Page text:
What do you need when you're writing and editing – in terms of space, food, rituals, writing instruments?
I need silence, no interruptions, and lack of clutter. I mostly get none of those. Also, long stretches of time to focus. I don’t get those either.
What do you hope readers will take away from these pieces, after having read them all? Is there a question you set out to address or delve into through these works?
I hope their funny bones are tickled. I hope they are horrified. Amazed. Offended. Lying on the floor, holding their sides, wheezing with laughter! The entire world seems like a dumpster fire nowadays. I hope that War on Christmas gives people a much-needed laugh in dark times. How could machine-gun-toting elves or a monkey attacking a Christmas tree not make you chuckle? If there’s a question I wanted to address, it’s maybe, "How far can we go with this?" Heh.
What defines a great collection or anthology, in your opinion? Were there anthologies you looked to for inspiration in curating this project?
A great anthology brings you great writing by great writers. It delivers something unusual that you haven’t seen before. Doing a humorous anthology is a difficult thing—because what people find funny is not universal. There really aren’t a lot of holiday anthologies out there quite like this one—most Christmas anthologies, for example, are the saccharine, kiss-under-the-mistletoe, my-dog-survived-the-snowstorm type. Or something like Love, Actually (a movie I deeply hated). Emotionally manipulative, ultimately catering to the lowest common denominator. But people love that stuff. I don’t. I wanted to produce a book that catered to the H.L. Menckens of the world. People who realize that being marginally kind to others for a couple of weeks in December doesn’t offset being a total dick the rest of the year. But also people who enjoy deflating our sacred cows and having some good lighthearted, satirical fun. This book is for people who like Arrested Development. Maybe not so much for people who like Everybody Loves Raymond.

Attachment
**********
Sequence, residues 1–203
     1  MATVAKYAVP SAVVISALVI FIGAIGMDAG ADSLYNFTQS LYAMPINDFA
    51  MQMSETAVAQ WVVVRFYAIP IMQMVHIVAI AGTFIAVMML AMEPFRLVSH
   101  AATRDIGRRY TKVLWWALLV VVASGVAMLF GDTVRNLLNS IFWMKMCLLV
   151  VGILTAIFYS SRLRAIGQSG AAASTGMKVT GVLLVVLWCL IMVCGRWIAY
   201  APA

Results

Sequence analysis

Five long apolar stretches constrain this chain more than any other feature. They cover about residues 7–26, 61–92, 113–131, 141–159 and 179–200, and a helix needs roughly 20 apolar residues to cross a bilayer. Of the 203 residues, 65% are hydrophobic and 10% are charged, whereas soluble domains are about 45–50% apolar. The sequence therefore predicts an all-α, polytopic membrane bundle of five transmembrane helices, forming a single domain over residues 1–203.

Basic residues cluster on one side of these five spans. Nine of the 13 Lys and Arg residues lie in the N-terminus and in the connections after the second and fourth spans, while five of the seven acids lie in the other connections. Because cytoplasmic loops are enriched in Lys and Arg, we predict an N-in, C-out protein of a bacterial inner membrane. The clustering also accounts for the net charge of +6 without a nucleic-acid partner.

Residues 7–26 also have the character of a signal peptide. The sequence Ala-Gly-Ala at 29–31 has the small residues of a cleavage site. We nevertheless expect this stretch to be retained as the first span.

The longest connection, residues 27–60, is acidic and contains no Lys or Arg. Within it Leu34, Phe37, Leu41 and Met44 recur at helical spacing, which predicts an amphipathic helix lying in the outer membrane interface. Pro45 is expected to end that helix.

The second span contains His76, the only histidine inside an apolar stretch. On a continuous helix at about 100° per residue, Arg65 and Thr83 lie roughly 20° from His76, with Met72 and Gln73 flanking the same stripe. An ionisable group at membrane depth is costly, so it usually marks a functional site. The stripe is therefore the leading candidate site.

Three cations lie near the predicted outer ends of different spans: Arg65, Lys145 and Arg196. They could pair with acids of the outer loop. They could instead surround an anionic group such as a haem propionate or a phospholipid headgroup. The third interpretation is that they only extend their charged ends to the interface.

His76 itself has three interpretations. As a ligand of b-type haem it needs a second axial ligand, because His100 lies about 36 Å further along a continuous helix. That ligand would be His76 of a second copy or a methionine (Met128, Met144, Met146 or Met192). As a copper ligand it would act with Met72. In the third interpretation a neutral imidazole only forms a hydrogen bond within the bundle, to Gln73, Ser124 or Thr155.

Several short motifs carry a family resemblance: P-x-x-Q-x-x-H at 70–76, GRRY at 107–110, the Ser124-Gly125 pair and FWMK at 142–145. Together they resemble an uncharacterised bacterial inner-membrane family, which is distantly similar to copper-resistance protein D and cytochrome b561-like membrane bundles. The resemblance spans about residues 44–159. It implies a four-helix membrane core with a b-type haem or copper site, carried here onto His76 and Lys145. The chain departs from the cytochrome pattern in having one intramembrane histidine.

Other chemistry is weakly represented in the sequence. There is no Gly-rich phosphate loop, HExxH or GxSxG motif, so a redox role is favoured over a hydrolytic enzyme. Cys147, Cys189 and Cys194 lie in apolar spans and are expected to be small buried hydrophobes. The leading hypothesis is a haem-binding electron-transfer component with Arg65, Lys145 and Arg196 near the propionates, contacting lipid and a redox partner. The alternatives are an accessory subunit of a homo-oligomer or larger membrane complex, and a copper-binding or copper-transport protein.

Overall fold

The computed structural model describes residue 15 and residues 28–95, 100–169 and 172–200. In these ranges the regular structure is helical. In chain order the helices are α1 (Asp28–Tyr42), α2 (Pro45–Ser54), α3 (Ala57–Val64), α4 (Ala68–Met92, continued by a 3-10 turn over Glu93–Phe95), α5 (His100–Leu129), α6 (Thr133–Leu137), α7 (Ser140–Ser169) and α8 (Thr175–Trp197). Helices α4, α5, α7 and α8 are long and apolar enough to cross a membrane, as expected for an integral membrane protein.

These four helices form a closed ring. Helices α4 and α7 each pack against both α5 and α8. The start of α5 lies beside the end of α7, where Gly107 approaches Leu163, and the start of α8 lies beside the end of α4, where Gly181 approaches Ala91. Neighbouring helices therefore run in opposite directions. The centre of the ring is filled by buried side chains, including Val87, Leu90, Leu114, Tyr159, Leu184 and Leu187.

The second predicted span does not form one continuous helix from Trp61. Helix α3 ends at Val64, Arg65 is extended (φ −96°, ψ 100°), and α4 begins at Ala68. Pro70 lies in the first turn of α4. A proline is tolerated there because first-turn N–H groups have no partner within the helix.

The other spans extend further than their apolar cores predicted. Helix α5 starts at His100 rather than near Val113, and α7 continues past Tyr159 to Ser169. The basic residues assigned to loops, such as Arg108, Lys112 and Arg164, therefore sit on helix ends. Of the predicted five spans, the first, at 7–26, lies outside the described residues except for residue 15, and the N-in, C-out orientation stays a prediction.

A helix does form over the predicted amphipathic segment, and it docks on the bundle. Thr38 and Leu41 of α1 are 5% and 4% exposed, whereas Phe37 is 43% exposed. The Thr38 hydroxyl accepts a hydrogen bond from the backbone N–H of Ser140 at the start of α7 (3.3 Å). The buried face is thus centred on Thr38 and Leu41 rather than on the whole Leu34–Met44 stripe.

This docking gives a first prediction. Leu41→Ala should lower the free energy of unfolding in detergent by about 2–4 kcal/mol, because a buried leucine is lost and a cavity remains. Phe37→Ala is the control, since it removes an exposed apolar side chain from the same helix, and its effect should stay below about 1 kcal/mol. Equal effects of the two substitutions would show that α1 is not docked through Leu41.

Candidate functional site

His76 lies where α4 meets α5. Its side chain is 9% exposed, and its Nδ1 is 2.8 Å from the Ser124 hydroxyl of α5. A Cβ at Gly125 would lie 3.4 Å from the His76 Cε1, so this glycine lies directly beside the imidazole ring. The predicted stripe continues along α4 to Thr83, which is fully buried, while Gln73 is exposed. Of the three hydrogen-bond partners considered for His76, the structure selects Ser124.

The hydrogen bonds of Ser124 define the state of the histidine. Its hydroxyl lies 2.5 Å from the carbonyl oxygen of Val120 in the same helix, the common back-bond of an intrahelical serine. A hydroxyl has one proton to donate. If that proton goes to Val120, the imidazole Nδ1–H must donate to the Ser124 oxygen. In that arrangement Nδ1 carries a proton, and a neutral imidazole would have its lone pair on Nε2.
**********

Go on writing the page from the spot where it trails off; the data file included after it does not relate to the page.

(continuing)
I will say that I was inspired a bit by David Hartwell’s sci-fi anthology, Christmas Stars, and perhaps Victorian Christmas ghost story collections. Oh—and “Christmas Every Day” by William Dean Howells—a story I read as a child which always made me laugh. A little girl gets her wish and has Christmas every day. And it’s horrible. The author takes a silly wish to its inevitable conclusion. Delicious!
What are you working on next?
Producing ChiZine Publications’ books, working on my next poetry collection, trying to finish my horror novel. And putting the final touches on our next anthology, Other Covenants, edited by Mark Shainblum and Andrea D. Lobel—about alternate Jewish histories. Mark and Andrea did all the hard work; I’m just neatening the corners!
Sandra Kasturi is a poet, writer and editor, and the co-publisher of the World Fantasy and British Fantasy Award-winning press, ChiZine Publications. She is the co-founder (with Helen Marshall) of the Toronto SpecFic Colloquium and the national Chiaroscuro Reading Series. Sandra’s work has appeared in various venues, including ON SPEC, Prairie Fire, several Tesseracts anthologies, Evolve, Chilling Tales, A Verdant Green, TransVersions, ARC Magazine, Taddle Creek, Abyss & Apex, 80! Memories & Reflections on Ursula K. Le Guin, and Stamps, Vamps & Tramps. Her two poetry collections are: The Animal Bridegroom (with an intro by Neil Gaiman) and Come Late to the Love of Birds.